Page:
The Compelling Value Proposition of Academic Health Centers By Steven A. Wartman, MD, PhD, MACP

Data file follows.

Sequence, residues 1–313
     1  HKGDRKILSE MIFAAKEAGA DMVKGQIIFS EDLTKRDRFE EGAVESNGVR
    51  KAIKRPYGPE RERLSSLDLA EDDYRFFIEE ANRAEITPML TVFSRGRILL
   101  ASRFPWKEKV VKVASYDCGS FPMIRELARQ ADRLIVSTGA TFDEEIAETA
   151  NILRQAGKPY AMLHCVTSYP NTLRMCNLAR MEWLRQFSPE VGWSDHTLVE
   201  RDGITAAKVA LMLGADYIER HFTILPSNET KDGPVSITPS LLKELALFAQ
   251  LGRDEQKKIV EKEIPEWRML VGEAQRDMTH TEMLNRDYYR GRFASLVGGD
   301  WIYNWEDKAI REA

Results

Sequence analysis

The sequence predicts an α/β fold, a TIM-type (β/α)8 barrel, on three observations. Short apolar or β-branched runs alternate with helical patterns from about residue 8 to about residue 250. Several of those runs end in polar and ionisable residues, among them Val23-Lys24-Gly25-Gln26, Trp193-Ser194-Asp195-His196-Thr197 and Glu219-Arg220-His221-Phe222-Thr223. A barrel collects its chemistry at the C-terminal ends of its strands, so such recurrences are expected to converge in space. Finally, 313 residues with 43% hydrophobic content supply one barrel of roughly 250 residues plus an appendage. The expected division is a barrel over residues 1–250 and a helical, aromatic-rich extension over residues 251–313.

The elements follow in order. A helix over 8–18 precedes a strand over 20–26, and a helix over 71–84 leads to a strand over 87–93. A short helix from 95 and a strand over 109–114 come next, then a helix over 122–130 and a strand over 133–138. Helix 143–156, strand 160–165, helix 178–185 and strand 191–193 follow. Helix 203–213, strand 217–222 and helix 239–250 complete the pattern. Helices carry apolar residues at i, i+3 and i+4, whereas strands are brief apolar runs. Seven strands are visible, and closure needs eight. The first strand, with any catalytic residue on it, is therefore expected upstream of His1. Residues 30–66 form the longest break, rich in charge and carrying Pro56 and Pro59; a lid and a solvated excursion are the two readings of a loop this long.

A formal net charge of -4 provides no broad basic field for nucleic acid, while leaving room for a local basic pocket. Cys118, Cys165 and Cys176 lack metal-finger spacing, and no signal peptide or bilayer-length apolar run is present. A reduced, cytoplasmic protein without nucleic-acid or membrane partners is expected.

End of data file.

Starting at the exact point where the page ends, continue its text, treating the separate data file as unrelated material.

Academic health centers represent a unique combination of teaching, research, and patient care. This blend of academe and clinical care creates a perspective in which these multiple roles are not disparate, but rather contribute to a whole that is truly greater than the sum of its parts. But is this idea, which is commonly shared, a form of wishful thinking or naiveté? Or, is it something tangible that can be expressed and codified? In other words, what is the compelling value of academic health centers? When asked to articulate their value, whether it be with government leaders, policymakers, professional organizations, patient groups, communities, or even their own faculty and staff, academic health center leaders often offer the commonly held view that an academic environment with research and teaching contributes to patient care and vice versa. But this can sound more like a statement of a belief than a concrete set of verifiable achievements. As self-evident as it may appear to those working in leadership positions at these institutions, the significance of this complex, integrated mission is not often clearly apparent to others.
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